• "Preventing gender-based violence engendered by conflict: The case of Côte d’Ivoire." Social Science and Medicine, Vol. 146 (2015), pp. 341–347. (With M. Blay-Tofey)
  • "A reflection on the madness in prisons", Stanford Law and Policy Review, Vol. 26 (2015), pp. 253–268. (With M. Prabhu)
  • "Health system re-design following sexual violence during the genocide in Rwanda." International Journal of Public Health, Vol. 61 (2016), pp. 959–960. (With G. Uwizeye & T. Kroll)
  • "Transforming our world: Implementing the 2030 agenda through sustainable development goal indicators." Journal of Public Health Policy, Vol. 37 (2016), pp. 13–31. (With F. Kjaerulf, S. Turner, L. Cohen, P.D. Donnelly, R. Muggah, R. Davis et al.)
  • "Global research priorities for interpersonal violence prevention: A modified Delphi study." Bulletin of the World Health Organization, Vol. 95 (2017), pp. 36–48. (With C.R. Mikton, M. Tanaka, M. Tomlinson, D.L. Streiner, L. Tonmyr, J. Fisher et al.)
  • The Dangerous Case of Donald Trump: 27 Psychiatrists and Mental Health Experts Assess a President. Thomas Dunne Books, 2017. (Editor) ISBN 978-1250179456
  • Violent States and Creative States: From the Global to the Individual. Vol. 1: Structural Violence and Creative Structures. Jessica Kingsley Publishers, 2018. (With J. Adlam & T. Kluttig) ISBN 978-1785925641
  • Violent States and Creative States: From the Global to the Individual. Vol. 2: Human Violence and Creative Humanity. Jessica Kingsley Publishers, 2018. (With J. Adlam & T. Kluttig) ISBN 978-1785925658
  • Violence: An Interdisciplinary Approach to Causes, Consequences, and Cures. Wiley-Blackwell, 2019. ISBN 978-1119240693
  • The Dangerous Case of Donald Trump: 37 Psychiatrists and Mental Health Experts Assess a President. Thomas Dunne Books, 2019. (Editor) ISBN 978-1250212863
  • "Government political structure and gender differences in violent death: A longitudinal analysis of forty-three countries, 1960–2008." Aggression and Violent Behavior, Vol. 46 (2019), pp. 174–179. (With M. Blay-Tofey, P. Marotta, K.K. Schuder & J. Gilligan)
  • "Government political structure and violent death rates: A longitudinal analysis of forty-three countries, 1960–2008." Aggression and Violent Behavior, Vol. 47 (2019), pp. 262–267. (With P. Marotta, M. Blay-Tofey, K.K. Schuder, C.H. Kim, G. Lee & J. Gilligan)
  • "Addressing the elephant in the room: Stories of ethical activism in the age of Trump." Journal of Humanistic Psychology, Vol. 60 (2020), pp. 459–462. (With H. West & S. Wruble)
  • "How we each emerged from isolation, found each other and a common voice." Journal of Humanistic Psychology, Vol. 60(2020), pp. 463–476. (With L.L. Glass & E.B. Fisher).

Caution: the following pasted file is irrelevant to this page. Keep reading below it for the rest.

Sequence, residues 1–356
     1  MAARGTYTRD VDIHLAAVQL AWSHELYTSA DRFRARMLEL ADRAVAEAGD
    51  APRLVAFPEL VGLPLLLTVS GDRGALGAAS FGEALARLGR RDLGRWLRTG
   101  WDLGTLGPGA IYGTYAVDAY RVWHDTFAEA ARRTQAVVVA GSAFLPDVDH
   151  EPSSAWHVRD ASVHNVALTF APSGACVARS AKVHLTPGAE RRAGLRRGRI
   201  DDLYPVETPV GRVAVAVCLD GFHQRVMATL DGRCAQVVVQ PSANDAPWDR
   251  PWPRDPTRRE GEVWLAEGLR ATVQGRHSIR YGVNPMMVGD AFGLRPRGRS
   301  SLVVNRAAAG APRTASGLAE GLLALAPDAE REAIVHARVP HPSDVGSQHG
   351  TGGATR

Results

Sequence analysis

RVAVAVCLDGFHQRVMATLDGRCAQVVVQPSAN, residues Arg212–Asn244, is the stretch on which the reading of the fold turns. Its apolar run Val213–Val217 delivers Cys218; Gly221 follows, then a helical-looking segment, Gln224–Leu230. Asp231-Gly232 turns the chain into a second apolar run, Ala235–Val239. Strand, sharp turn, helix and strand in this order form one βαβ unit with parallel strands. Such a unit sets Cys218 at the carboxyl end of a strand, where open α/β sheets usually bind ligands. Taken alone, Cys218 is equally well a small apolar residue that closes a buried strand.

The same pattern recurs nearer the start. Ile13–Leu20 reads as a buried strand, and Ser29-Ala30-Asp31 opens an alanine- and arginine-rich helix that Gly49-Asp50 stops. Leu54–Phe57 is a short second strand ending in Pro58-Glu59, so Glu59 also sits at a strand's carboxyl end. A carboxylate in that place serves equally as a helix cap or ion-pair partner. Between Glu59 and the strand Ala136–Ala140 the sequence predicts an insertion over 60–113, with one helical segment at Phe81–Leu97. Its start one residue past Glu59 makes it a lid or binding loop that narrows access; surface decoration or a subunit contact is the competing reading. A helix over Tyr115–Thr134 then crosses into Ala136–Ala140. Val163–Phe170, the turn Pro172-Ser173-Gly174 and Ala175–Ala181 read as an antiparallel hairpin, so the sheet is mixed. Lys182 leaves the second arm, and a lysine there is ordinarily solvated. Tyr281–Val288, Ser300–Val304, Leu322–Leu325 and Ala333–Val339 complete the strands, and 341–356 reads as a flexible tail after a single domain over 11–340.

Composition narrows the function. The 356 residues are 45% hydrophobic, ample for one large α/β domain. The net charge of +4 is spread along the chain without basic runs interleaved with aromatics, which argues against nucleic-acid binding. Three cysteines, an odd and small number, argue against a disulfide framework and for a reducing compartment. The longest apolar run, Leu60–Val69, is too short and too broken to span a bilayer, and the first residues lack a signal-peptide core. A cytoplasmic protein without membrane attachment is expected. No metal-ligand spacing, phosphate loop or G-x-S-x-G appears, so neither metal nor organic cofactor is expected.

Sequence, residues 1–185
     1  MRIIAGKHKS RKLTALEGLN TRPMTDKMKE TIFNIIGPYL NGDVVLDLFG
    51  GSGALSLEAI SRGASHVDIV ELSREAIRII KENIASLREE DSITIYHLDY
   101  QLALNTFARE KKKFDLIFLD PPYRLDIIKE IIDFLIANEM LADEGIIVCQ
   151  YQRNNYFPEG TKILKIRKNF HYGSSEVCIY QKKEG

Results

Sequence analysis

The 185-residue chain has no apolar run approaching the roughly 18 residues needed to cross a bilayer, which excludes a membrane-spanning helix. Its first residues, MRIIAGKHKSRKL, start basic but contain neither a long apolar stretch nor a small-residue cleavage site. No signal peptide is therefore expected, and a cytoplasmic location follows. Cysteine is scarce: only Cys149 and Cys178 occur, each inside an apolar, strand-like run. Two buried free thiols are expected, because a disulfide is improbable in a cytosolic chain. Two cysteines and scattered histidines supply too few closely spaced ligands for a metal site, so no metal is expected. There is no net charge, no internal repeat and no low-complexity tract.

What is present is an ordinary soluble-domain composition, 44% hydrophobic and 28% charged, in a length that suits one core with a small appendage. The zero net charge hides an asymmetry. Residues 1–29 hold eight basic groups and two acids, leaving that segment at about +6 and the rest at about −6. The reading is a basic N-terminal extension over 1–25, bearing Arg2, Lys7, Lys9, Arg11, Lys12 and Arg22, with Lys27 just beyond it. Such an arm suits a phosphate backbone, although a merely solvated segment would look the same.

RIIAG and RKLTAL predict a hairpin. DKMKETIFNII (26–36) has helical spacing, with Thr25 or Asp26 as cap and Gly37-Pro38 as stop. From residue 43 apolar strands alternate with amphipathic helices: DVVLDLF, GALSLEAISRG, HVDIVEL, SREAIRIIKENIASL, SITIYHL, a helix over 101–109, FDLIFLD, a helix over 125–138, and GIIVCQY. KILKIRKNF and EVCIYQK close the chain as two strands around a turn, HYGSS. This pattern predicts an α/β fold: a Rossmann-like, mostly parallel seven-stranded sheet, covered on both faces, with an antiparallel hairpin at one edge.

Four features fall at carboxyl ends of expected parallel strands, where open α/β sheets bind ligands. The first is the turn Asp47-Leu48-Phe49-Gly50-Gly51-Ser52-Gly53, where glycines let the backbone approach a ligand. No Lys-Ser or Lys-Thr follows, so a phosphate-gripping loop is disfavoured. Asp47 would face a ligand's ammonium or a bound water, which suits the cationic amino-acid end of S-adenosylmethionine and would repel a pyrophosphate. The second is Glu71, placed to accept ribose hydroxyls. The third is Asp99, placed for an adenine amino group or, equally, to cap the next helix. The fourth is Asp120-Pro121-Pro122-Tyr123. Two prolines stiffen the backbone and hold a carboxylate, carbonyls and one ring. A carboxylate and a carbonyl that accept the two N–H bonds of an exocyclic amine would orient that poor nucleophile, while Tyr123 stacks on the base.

See also[edit]

References[edit]

  1. ^ a b Lee, Bandy X. (2019-02-19). "Violence: An Interdisciplinary Approach to Causes, Consequences, and Cures". Wiley.com.
  2. ^ "Transcript of the Duty to Warn Conference" (PDF).
  3. ^ Lee, Bandy X. "Mental health experts see Trump is dangerous, but our professional gatekeepers protect him". USA TODAY. Retrieved 2020-01-30.
  4. ^ "Mental Health Experts Claim Their Right to Speak". Psychology Today. Retrieved 2020-02-02.
  5. ^ "Psychiatrist issues urgent warning over Trump's mental health". The Independent. 2017-04-25. Retrieved 2020-02-02.
  6. ^ a b c d Are Donald Trump’s test results fake news? Rhys Blakely, The Times, 18 January 2018. Retrieved 21 January 2018. (subscription required)
  7. ^ a b c d e Bandy X. Lee, MD, MDiv. Archived 2018-01-18 at the Wayback Machine Yale School of Medicine: Psychiatry. Retrieved 21 January 2018.
  8. ^ a b Bandy Lee, Yale University's Violence and Health Study Group. Archived 2016-04-03 at the Wayback Machine Violence Prevention Alliance, World Health Organization. Retrieved 23 January 2018.
  9. ^ Morris, Alex; Morris, Alex (2018-11-12). "What Happens When the Walls Finally Close in on Trump?". Rolling Stone. Retrieved 2020-01-21.
  10. ^ Sheehy, Gail. "At Yale, Psychiatrists Cite Their 'Duty to Warn' About an Unfit President". Intelligencer. Retrieved 2020-01-21.
  11. ^ "Interview: Law Professor Richard Painter, Psychiatrist Bandy Lee Explain Views on Trump's Trial". lawandcrime.com. Retrieved 2020-01-21.
  12. ^ a b Psychiatrist Bandy Lee: "We have an obligation to speak about Donald Trump’s mental health issues. . . . Our survival as a species may be at stake". Archived 2017-11-06 at the Wayback Machine Chauncey DeVega, Salon, 25 May 2017. Retrieved 23 January 2018.
  13. ^ "The Dangerous Case of Donald Trump" A new book delves into the president’s mental health. Rosemary K.M. Sword and Philip Zimbardo, Psychology Today, 28 September 2017. Retrieved 21 January 2018.
  14. ^ "Correspondence: Psychiatrists Diagnosing the President — Moral Imperative or Ethical Violation?", New England Journal of Medicine, December 27, 2017. Retrieved 21 January 2018.
  15. ^ "Psychiatrists call for rollback of policy banning discussion of public figures’ mental health", STAT News, June 28, 2018. Retrieved 1 July 2018.
  16. ^ "The Goldwater rule is broken. Here's how to fix it". STAT. 2018-06-28. Retrieved 2020-01-21.
  17. ^ B; Lee, Y. X.; Glass, Leonard L. "We're Psychiatrists. It's Our Duty to Question the President's Mental State". POLITICO Magazine. Retrieved 2020-01-21.
  18. ^ Porter, Tom. "350 health professionals sign letter to Congress claiming Trump's mental health is deteriorating dangerously amid impeachment proceedings". Business Insider. Retrieved 2019-12-06.

External links[edit]